In accordance with the requirements of the Securities and Exchange Commission (the “SEC”), the Board of Directors (the “Board”) of InvenTrust Properties Corp. (the “Company”) has adopted this Code of Ethics and Business Conduct (the “Code”) to encourage:

  • Honest and ethical conduct, including fair dealing and the ethical handling of actual or apparent conflicts of interest;
  • Full, fair, accurate, timely and understandable disclosure;
  • Compliance with applicable governmental laws, rules and regulations;
  • Prompt internal reporting of any violations of law or the Code;
  • Accountability for adherence to the Code, including fair process by which to determine violations;
  • Consistent enforcement of the Code, including clear and objective standards for compliance;
  • Protection for persons reporting any such questionable behavior;
  • The protection of the Company’s legitimate business interests, including its assets and corporate opportunities; and
  • Confidentiality of information entrusted to directors, officers and employees by the Company and its customers.

All directors, officers (including Senior Financial Officers (as defined below)) and employees (each a “Covered Party” and, collectively, the “Covered Parties”) of the Company and all of its subsidiaries and controlled affiliates are expected to be familiar with the Code and to adhere to those principles and procedures set forth below. Covered Parties generally have other legal and contractual obligations to the Company. This Code is not intended to reduce or limit the other obligations that you may have to the Company. This Code must be read in conjunction with the Company’s employee handbook and other Company compliance and employment policies, practices and procedures. Covered Parties must conduct themselves accordingly, exhibiting the highest standard of business and professional integrity, and seek to avoid even the appearance of improper behavior. Disciplinary measures for violations of this Code may include, but are not limited to, counseling, oral or written reprimands, warnings, probation, suspension with or without pay, demotions, reductions in salary, termination of employment or service and possible civil and criminal prosecution.

I. Conflicts of Interest

The Company recognizes and respects the right of its directors, officers and employees to engage in outside activities which they may deem proper and desirable, provided that these activities do not impair or interfere with the performance of their duties to the Company or their ability to act in the Company’s best interests. In most, if not all, cases, this will mean that our directors, officers and employees must avoid situations that present a potential or actual conflict between their private interests and the Company’s interests. Exceptions may only be made after review and approval of specific or general categories by the Company’s Executive Vice President – General Counsel (in the case of employees) or the Company’s board of directors (the “Board”) (in the case of directors and executive officers).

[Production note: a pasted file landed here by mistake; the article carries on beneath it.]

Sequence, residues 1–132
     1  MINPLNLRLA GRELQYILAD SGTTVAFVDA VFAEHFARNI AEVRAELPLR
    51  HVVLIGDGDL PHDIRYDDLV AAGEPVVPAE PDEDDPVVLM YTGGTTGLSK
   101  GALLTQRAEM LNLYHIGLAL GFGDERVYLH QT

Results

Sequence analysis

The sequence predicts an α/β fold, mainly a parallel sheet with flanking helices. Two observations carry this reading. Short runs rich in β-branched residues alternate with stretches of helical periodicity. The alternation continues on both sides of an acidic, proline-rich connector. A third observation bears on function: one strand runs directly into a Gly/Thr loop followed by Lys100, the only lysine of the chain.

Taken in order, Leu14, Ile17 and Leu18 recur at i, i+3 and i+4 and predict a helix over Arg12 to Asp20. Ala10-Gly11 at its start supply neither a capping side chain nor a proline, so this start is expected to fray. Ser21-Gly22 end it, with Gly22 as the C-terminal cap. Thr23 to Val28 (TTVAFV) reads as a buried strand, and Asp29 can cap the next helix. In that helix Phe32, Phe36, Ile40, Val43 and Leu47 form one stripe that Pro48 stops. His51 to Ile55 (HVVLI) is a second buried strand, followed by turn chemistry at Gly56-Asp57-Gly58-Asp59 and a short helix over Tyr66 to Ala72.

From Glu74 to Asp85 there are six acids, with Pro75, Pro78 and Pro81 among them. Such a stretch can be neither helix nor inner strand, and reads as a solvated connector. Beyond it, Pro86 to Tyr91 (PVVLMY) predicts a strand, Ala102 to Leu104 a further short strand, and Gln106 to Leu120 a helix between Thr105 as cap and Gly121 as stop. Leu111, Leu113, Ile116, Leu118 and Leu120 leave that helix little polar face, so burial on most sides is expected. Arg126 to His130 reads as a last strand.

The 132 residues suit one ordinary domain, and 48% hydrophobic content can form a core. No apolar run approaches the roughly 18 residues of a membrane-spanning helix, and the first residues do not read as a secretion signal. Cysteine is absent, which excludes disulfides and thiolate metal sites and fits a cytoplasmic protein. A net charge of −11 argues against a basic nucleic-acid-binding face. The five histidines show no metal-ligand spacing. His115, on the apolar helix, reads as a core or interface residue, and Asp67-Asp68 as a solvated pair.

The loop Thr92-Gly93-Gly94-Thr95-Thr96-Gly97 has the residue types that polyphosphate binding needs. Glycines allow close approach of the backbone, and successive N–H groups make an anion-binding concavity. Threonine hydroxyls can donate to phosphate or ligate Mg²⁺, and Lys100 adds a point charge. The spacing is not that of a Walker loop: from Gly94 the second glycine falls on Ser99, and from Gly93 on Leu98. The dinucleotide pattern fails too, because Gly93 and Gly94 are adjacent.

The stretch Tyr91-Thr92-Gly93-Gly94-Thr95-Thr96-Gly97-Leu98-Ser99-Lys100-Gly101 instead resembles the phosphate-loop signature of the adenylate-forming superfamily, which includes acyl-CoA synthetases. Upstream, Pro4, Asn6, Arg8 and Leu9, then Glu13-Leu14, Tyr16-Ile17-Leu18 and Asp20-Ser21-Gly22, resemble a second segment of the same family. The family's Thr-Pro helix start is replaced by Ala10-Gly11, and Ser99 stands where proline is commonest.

A “conflict of interest” occurs when the private interests of a Covered Party interfere, or appear to interfere, with the interests of the Company as a whole.

For example, a conflict of interest can arise when a Covered Party takes actions or has personal interests that may make it difficult to perform his or her Company duties objectively and effectively. A conflict of interest may also arise when a Covered Party, or a member of his or her immediate family1, receives improper personal benefits as a result of his or her position at the Company.

Conflicts of interest can also occur indirectly. For example, a conflict of interest may arise when a Covered Party is also an executive officer, a major stockholder or has a material interest in a company or organization doing business with the Company.

Each Covered Party has an obligation to conduct the Company’s business in an honest and ethical manner, including the ethical handling of actual or apparent conflicts of interest between personal and professional relationships. Any situation that involves, or may reasonably be expected to involve, a conflict of interest with the Company, should be disclosed promptly to the Company’s General Counsel or Chief Executive Officer. Actual or potential conflicts of interests involving an executive officer of the Company should be disclosed directly to the Company’s President and Chief Executive Officer, who will disclose such conflict of interest to the Board, and actual or potential conflicts of interests involving a director should be disclosed directly to the President and Chief Executive Officer, the Chairman of the Board and the Chair of the Nominating and Corporate Governance Committee (if applicable).

This Code does not attempt to describe all possible conflicts of interest that could develop. Other common conflicts from which Covered Parties must refrain are set out below:

  • Covered Parties may not engage in any conduct or activities that are inconsistent with the Company's best interests or that disrupt or impair the Company's relationship with any person or entity with which the Company has or proposes to enter into a business or contractual relationship.